Eco Tourism in Himalayas
The mountain range of the Himalayas, meaning 'Abode of Snow', stretches from Jammu & Kashmir in north India to Arunachal Pradesh in extreme northeast India. This mountain range divides India from the rest of Asia by its invincible mountain ranges. Even if the mountain range of the Himalayas does not cover the entire northeast India, its smaller ranges reaches up to the remote parts of northeastern states of the country. Therefore it also separates northeast India from the southeast Asian countries. The Himalayas have emerged as a major eco-tourism hub of the country.
Topography of The Himalayas
The lush green thickets amidst the foothills of Shivalik Ranges, snow-capped Dhauladhar range overshadowed by Pir Panjal Ranges and Great Himalayan Ranges are the salient features of these mountain ranges. Enchanting lakes and luxuriant valleys are located here between an altitude of 350 m and about 6,810 m. The mountain ranges are interlinked by rivers and sprawling valleys. The Himalayas are not less than a haven for the visitors as the forests, flora & fauna and natural scenic beauty with salubrious climate are the highlights of these mountain ranges. The alpine land is an ardent destination for Aplinists and a feast of hedonists as it's spread over Lahaul and Spiti to Pangi valley. The medicinal herbs here have been growing in the whole of the region since times immemorial. Another area of tourism activities is adventure sports, yielding greater scope for trekking, camping, mountaineering and skiing etc. Here follows a brief description of eco-tourism in the Himalayas.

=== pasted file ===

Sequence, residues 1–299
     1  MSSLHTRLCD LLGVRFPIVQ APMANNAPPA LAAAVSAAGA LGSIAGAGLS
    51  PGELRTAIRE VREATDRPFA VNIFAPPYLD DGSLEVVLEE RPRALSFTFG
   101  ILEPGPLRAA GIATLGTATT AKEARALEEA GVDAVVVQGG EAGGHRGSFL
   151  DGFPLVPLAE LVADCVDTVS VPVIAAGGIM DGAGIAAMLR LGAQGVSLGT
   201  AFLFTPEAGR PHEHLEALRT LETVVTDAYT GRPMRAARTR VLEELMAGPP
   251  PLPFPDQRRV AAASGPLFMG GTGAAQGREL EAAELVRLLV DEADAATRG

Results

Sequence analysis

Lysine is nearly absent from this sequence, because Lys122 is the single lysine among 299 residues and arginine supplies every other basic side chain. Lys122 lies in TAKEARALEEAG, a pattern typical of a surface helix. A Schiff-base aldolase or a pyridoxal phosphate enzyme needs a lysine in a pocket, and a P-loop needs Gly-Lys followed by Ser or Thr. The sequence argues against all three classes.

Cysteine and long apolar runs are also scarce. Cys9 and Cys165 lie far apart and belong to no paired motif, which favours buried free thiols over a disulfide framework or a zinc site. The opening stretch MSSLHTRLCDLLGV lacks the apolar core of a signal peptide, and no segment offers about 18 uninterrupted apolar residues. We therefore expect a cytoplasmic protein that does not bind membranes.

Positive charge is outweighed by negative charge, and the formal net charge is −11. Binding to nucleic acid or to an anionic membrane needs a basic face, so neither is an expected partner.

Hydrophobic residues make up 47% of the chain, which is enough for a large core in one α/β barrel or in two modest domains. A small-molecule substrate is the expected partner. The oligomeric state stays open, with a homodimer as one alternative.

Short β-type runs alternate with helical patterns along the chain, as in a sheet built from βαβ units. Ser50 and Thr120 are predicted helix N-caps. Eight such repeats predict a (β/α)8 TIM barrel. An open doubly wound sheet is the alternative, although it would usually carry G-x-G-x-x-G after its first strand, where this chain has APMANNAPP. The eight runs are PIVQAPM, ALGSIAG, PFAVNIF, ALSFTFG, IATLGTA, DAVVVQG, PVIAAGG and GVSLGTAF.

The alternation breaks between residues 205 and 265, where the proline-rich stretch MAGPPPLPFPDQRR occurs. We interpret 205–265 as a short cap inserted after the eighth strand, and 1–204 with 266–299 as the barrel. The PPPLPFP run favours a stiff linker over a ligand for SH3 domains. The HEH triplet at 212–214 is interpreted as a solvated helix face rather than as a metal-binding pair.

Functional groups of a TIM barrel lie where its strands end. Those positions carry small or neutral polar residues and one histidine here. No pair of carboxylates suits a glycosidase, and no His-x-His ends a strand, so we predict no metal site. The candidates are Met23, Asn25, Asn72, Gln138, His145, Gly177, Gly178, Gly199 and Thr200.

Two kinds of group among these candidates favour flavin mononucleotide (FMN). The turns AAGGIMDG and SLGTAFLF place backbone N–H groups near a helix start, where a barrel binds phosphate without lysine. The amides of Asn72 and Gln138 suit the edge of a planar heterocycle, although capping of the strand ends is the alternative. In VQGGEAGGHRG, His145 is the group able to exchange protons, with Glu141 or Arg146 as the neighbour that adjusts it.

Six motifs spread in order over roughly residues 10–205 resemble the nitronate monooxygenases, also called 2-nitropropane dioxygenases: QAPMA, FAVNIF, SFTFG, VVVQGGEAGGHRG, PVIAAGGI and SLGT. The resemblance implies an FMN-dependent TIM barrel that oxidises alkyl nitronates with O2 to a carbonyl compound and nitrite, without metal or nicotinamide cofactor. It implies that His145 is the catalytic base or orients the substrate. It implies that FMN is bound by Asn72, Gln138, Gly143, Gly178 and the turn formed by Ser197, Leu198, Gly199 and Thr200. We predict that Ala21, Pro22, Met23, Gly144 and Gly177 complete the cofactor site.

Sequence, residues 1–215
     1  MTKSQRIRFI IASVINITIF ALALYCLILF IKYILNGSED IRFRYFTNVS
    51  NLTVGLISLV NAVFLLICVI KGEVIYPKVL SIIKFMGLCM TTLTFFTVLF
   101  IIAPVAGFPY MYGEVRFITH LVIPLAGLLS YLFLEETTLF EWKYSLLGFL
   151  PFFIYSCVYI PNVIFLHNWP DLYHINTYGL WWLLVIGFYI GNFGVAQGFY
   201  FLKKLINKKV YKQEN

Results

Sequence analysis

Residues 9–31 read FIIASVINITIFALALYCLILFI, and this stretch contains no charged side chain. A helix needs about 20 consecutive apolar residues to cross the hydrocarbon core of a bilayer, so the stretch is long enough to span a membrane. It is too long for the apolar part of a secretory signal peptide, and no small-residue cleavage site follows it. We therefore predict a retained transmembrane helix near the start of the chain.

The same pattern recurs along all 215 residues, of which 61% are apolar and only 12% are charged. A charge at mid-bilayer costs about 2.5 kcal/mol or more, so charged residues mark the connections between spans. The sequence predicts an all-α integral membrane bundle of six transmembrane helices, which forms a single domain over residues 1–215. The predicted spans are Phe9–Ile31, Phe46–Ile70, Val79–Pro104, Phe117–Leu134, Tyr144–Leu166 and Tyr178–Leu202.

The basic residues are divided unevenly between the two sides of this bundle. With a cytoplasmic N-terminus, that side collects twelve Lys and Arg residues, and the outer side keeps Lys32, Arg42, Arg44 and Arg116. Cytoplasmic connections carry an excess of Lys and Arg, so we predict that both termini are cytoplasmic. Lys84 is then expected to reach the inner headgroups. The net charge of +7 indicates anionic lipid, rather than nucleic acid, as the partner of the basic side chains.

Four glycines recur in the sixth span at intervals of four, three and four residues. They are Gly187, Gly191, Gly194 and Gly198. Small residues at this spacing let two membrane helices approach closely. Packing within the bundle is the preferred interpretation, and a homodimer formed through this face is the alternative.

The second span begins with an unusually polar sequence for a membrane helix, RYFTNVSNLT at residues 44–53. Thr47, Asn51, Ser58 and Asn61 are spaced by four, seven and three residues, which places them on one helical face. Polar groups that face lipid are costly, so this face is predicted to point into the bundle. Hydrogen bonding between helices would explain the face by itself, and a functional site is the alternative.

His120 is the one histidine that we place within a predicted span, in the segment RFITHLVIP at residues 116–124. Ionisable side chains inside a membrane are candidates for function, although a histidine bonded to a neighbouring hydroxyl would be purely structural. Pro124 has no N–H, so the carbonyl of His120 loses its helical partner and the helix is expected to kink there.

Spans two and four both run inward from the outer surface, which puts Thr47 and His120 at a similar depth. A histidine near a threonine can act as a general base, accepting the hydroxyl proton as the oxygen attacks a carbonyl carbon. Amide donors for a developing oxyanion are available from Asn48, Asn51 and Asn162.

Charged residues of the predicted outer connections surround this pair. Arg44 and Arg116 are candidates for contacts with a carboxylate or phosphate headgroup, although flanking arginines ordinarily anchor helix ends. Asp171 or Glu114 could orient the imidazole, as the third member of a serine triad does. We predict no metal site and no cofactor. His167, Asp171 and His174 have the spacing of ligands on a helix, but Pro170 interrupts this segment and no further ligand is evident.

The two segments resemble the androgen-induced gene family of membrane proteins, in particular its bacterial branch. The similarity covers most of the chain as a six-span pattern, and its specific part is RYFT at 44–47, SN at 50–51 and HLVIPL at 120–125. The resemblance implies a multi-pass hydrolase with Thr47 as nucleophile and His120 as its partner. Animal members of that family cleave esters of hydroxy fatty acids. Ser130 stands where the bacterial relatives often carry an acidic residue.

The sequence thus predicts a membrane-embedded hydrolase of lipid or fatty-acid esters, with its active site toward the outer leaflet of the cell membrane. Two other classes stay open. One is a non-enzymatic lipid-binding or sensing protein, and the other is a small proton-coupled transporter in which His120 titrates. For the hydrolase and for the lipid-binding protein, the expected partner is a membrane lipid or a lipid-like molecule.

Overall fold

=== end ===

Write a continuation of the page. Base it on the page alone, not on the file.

Eco-tourism in the Great Himalayas
The Himalayan Wildlife
The Himalayas home a mind-blowing variety in wildlife resource. Rare medicinal herbs also grow here. There are luxuriant tropical forests of Sal, Teak and Shisham in the Himalayan foothills named as Terai. As you climb, you come across a variety of Chir (Pine), Oak, Deodar, Fir, Rhododendron, Birch and Juniper trees. Rare and endangered species of animals and birds can also be spotted in this region. The Great Himalayan National Park, Himachal Pradesh; Corbett National Park, Uttaranchal; Namdapha National Park, Arunachal Pradesh and The Royal Chitwan Park, Nepal are some of the areas declared as National Park, that were planned for the conservation and protection of wildlife in the region.
The Himalayan Rivers
Indus, Sutlej, Ganga, Yamuna and Brahmaputra are the major Himalayan rivers. These rivers meander through Indian mainland and rush and bounce along irregular surfaces and beautiful meadows. These are central to our history and mythology. Major rivers of the Himalayan group include the Indus, the legendary Ganga and majestic Brahmaputra. Fed by both snow and rain, these rivers flow endlessly round the year. These rivers discharge around 70% of their inflow into the sea which includes around 5% from central Indian rivers. After joining the Ganga, these rivers drain into the Bay of Bengal. The Himalayan rivers are inhabited by a large percentage of aqua lives and creating a favourable ecosystem for freshwater creatures.
The Himalayan Hill Resorts
The Himalayan hill resorts are lush and vibrant. Salubrious climate and rich natural resource here beckon several naturalists, adventurers, environmentalists and biologists. This hidden treasure of the nature is the abode of various kinds of rare flora & fauna. Almost all the hill stations located here represent something different from the other. Some important hill locations here include - Srinagar, Ladakh, Shimla, Gulmarg & Sonamarg, Dharamsala, Dalhousie, Kullu, Manali, Sarahan, Nainital, Mussoorie, Rishikesh, Kailash Mansarovar, Gangtok and Darjeeling.
People of The Himalayas
Ancient Hindu scriptures mention that the original inhabitants of the Himalayas were Kulinds, Kiratas and Kilinds, Kiratas and Kinnars. Some later texts mention Khasas and Darads as the inhabitants of the Himalayas. Three ethnic groups known as Negroids, Mongoloids and Aryans constitute the Himalayan population.